4.1 Most feedback on a placement will be informal and oral, delivered during or immediately after a specific task. However, it is important to supplement this with more formal reviews of progress, at the mid-point and at the end of the placement. All relevant people should have the opportunity to contribute to the review of the student’s performance and a written record should be kept; this may be a detailed pro forma, or a more basic summary (e.g. two things the student did well and two areas for improvement) e.g. the system for monitoring and assessing industrial placements on the Engineering Design programme, www.edes.bris.ac.uk/placements_handbook.htm.
4.2 The review should include an opportunity for the student to record their reflections on their performance by using some form of electronic PDP resource. General advice on PDP can be found at www.bristol.ac.uk/esu/studentlearning/pdp/, and an example at www.bris.ac.uk/italian/undergrad/3rdyear/pdp.html.
5. Designing Assessment to Support Effective Feedback
5.1 Students can be given the opportunity to test their understanding of material covered in class by taking on line e-assessments which provide immediate feedback on their performance. These can be designed to be taken as often as desired and to give feedback on incorrect responses, for particular keys skills or sets of knowledge. This form of assessment driven feedback provides students with a valuable learning resource. However, care must be taken in both question design and the feedback given, to promote student engagement and learning. The E-Learning Advisers Network webpage offers support and case studies on the use of e-Learning tools: www.bristol.ac.uk/elan. For an example of how e-assessment can be used, see www.epi.bris.ac.uk/undergrad/web/session6_2006/session6_2006.htm
5.2 Within a unit, structured assessment tasks, in which the student begins with relatively straightforward tasks and moves on to more complicated ones (e.g. paper review, evidence analysis, research report), benefitting from feedback on the earlier work, are effective in developing particular skills and understanding. A ‘portfolio’ approach to assessment, in which the early pieces of work count but can be improved in the light of feedback, can also be effective.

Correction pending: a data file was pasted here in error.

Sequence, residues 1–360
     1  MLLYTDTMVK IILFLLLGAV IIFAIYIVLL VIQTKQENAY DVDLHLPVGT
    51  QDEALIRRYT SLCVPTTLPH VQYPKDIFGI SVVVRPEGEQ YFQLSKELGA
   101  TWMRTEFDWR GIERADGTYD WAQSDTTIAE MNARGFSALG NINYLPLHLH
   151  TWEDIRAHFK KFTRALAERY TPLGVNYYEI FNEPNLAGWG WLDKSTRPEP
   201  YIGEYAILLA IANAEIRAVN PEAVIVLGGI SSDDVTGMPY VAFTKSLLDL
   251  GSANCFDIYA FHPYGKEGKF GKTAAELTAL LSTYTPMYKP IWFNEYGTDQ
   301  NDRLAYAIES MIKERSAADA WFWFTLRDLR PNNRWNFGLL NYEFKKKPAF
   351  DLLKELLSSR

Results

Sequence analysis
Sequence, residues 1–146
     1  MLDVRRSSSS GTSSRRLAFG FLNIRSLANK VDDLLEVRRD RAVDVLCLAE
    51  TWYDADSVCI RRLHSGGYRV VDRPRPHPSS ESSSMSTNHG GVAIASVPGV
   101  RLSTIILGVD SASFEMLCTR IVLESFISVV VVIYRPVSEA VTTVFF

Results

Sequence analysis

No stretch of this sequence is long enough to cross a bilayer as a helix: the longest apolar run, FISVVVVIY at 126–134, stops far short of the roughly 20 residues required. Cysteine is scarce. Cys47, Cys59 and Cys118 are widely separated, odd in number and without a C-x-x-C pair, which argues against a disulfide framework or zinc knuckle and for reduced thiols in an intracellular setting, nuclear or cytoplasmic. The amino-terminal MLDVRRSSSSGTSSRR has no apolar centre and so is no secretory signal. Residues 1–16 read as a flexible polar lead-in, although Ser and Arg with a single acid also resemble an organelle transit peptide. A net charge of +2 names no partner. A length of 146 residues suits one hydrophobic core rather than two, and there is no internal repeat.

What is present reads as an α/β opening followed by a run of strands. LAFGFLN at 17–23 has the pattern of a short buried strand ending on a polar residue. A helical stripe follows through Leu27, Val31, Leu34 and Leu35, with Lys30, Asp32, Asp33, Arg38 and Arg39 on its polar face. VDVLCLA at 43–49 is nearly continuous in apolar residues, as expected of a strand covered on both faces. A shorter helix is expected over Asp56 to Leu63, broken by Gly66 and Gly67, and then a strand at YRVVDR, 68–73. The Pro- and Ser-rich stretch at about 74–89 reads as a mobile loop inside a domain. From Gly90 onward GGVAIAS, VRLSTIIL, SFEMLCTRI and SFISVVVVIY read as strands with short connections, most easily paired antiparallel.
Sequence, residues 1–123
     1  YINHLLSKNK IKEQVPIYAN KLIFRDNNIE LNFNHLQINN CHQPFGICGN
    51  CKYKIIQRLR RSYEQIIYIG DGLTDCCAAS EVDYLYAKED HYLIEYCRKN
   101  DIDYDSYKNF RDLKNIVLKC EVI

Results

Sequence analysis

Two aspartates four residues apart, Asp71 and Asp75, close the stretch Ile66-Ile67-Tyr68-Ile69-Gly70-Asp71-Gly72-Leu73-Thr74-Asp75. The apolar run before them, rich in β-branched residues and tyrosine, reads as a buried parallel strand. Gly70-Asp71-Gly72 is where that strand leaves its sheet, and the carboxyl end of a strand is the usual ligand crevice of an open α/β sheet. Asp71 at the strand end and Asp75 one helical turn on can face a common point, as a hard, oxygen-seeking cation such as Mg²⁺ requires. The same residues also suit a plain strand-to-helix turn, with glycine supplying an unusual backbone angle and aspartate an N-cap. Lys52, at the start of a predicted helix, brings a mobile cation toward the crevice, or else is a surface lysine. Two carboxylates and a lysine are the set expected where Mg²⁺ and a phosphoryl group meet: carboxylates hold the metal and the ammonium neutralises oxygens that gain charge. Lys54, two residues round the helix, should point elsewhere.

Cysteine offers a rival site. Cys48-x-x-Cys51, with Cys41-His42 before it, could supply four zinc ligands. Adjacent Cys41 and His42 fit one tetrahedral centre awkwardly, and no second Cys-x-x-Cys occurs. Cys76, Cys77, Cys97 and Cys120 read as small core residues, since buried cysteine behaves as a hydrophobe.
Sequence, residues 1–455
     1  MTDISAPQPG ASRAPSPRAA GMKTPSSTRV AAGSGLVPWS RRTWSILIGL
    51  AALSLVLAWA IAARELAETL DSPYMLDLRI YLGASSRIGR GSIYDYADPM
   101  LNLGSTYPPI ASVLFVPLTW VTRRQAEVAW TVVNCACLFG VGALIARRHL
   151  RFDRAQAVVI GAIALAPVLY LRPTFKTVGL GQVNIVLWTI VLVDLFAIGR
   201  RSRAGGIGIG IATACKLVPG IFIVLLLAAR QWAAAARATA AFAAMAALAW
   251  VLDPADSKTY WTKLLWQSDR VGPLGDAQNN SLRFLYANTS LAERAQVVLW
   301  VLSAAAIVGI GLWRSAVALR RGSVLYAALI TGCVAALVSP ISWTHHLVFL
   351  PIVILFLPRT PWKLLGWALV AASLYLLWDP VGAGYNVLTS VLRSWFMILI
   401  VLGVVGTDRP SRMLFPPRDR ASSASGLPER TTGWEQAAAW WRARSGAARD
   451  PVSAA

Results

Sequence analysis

5.3 In some subjects, essays are used to assess simultaneously a range of learning outcomes from basic knowledge and understanding to higher-level analytical skills. It can be both more effective in terms of delivering feedback and more efficient in terms of marking effort to set up separate tasks to assess different outcomes.
6. Supporting Students’ Overall Development
6.1 To encourage students to reflect on and respond to feedback, and in particular to identify areas which need further work, feedback needs to be incorporated into the personal tutor system and regular ‘progress review’ meetings. Those responsible for students’ academic progress should be given copies of any comments made on their students’ exam scripts and receive copies of feedback pro-formas, thereby enabling them to help their students to reflect on their performance across different units.
6.2 Personal Development Planning should encourage students to reflect on their performance, by providing a form for reflection on feedback received and/or for reviewing marks and comments. Students should be explicitly encouraged to focus on how to develop their performance in future, rather than simply on their marks. For example see www.bris.ac.uk/arts/skills/review.doc.
6.3 The assessment for a unit might incorporate a reflective journal or some other activity involving the student reflecting on their own performance, including but not restricted to their performance in assessment, and how it might be developed.
6.4 Schools should facilitate the establishment of student study groups, encouraging students to share experiences and comment on one another’s work, and/or mentoring schemes in which final year students help first-years acclimatise to the expectations of degree-level study. This is likely to require the provision of resources, above all suitable space, rather than simply encouragement.
If you have any feedback-related queries, or if you have developed new approaches to delivering feedback from which others may benefit, please do contact the Education Support Unit. See also:
September 2009, with minor updates July 2011